Chilean-American author Isabel Allende wrote with nostalgia and humor about her home country. A storyteller, she looked back at her life in Santiago. Reflected on her nomadic life, family, connection with Chile, and the country’s history.
With “My Invented Country: A Nostalgic Journey Through Chile” we can already start noticing a pattern. I review another non-fiction book, also a memoir, after Peter Mayle’s A Year in Provence. Same theme, different country.
This colorful memoir was the first book of Allende that I read. “Let’s begin at the beginning, with Chile, that remote land that few people can locate on the map because it’s as far as you can go without falling off the planet” is the first sentence of the first chapter that introduced me to another world.
Her recollections are in a dynamic pace and educational, as I learned about the history and geography of Chile, about the Chilean society and their food. About Easter Island and their culture. Manpuche and Aymara indigenous population. This was my biggest gain as a reader.
I found her writing imaginative, and the life, fascinating and eventful. Both her personal and professional life as a journalist and writer gave her many homes across the world. Isabel Allende was away from Chile since 1988, and only visited it yearly. Therefore she felt she had to partly ‘invent’ her native country in order to write about it 30 years later.
If I had never traveled, if I had stayed on, safe and secure in the bosom of my family, if I had accepted my grandfather’s vision and his rules, it would have been impossible for me to recreate or embellish my own existence, because it would have been defined by others and I would merely be one link more in a long family chain.Isabel Allende quote from ‘My Invented country’
In an article in The Gaurdian is mentioned that Isabel Allende was a feminist long before she knew what the word meant. Reading this book, I understood.
Looking back at her adolescence in Chile, years she considers exile in Venezuela, working in Europe for United Nations and her current life in California, in the book she examined the relevance and behavior of women in different contexts. And how hard was to be taken seriously at the beginning as a woman writer.
Today she is considered the first successful women novelist from Latin America, while publishing her first book when she was 40.
I often ask myself what exactly nostalgia is. In my case, it’s not so much wanting to live in Chile as it is the desire to recapture the certainty I feel there.
But that’s how nostalgia is: a slow dance in a large circle. Memories don’t organize themselves chronologically, they’re like smoke, changing, ephemeral, and if they’re not written down they fade into oblivion.Isabel Allende quotes from ‘My Invented country’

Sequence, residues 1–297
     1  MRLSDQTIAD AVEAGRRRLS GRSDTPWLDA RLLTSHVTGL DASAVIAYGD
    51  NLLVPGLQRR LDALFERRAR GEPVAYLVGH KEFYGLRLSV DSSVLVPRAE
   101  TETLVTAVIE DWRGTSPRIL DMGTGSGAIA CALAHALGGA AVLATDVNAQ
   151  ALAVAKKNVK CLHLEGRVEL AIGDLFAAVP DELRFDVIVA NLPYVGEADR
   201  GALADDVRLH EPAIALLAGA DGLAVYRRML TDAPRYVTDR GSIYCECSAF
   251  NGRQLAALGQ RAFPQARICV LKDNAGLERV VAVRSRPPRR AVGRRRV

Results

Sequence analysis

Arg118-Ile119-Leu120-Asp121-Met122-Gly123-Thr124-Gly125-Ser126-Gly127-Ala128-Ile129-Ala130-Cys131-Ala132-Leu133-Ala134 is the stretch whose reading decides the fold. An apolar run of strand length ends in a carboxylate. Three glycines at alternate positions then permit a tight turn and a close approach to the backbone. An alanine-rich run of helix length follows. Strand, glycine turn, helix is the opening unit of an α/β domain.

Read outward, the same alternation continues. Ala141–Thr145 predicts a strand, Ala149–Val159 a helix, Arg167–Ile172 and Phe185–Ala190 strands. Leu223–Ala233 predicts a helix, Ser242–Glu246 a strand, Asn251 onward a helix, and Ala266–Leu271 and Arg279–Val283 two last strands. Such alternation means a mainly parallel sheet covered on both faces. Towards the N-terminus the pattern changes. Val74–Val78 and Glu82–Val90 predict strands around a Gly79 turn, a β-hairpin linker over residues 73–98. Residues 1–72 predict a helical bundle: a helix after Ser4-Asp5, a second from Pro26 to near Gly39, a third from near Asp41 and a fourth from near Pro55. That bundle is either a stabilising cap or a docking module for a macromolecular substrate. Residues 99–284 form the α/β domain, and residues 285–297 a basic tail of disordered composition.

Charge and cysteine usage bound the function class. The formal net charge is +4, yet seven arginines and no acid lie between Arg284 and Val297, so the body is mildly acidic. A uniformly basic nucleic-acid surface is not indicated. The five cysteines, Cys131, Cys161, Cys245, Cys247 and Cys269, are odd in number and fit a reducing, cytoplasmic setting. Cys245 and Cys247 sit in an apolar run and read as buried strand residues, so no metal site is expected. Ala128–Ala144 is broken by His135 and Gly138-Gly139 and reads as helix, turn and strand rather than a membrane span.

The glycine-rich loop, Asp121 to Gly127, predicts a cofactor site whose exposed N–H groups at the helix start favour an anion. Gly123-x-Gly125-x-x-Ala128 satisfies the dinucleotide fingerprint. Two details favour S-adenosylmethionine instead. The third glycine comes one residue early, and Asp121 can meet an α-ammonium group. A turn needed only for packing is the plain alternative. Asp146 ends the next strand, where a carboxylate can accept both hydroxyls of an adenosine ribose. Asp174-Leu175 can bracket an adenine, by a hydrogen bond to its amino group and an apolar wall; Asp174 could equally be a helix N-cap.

The book was published in 2003, but I discovered it years later in my 20s, and re-read it recently. While reading it the first time, it impressed me so much. I wondered if someday I would like to discover a similar story about my home country. Maybe secretly I wanted to have the courage and ability to write one.
Subconsciously, is what I did with this digital diary and the few (for now) stories I wrote about Constanța, Bucharest, cities of Transylvania, Cluj or Timișoara, Capital of Culture this year. I still have a long way to go.
Instead of conclusion, the latest paragraph sums it all up beautifully
This book has helped me understand that I am not obligated to make a decision: I can have one foot in Chile and another here, that’s why we have planes. (…) For the moment California is my home and Chile is the land of my nostalgia. My heart isn’t divided, it has merely grown larger.Isabel Allende quote from ‘My Invented country’
Today, in her 80s, Isabel Allende still writes books while living in California. The Soul of a Woman – her latest book, the 25th, was published in 2021.
2 thoughts on “Book review – My Invented Country”
Great review! This book was also the first one I read from Allende and it truly left a mark on me! I love her writing style and how she presents her own country, and could also relate to some aspects, especially about nostalgia and about having “two homes”.
LikeLiked by 1 person
Thank you for the compliment. I think the ones who lived for longer periods in different countries like us can relate more with this book.
LikeLiked by 1 person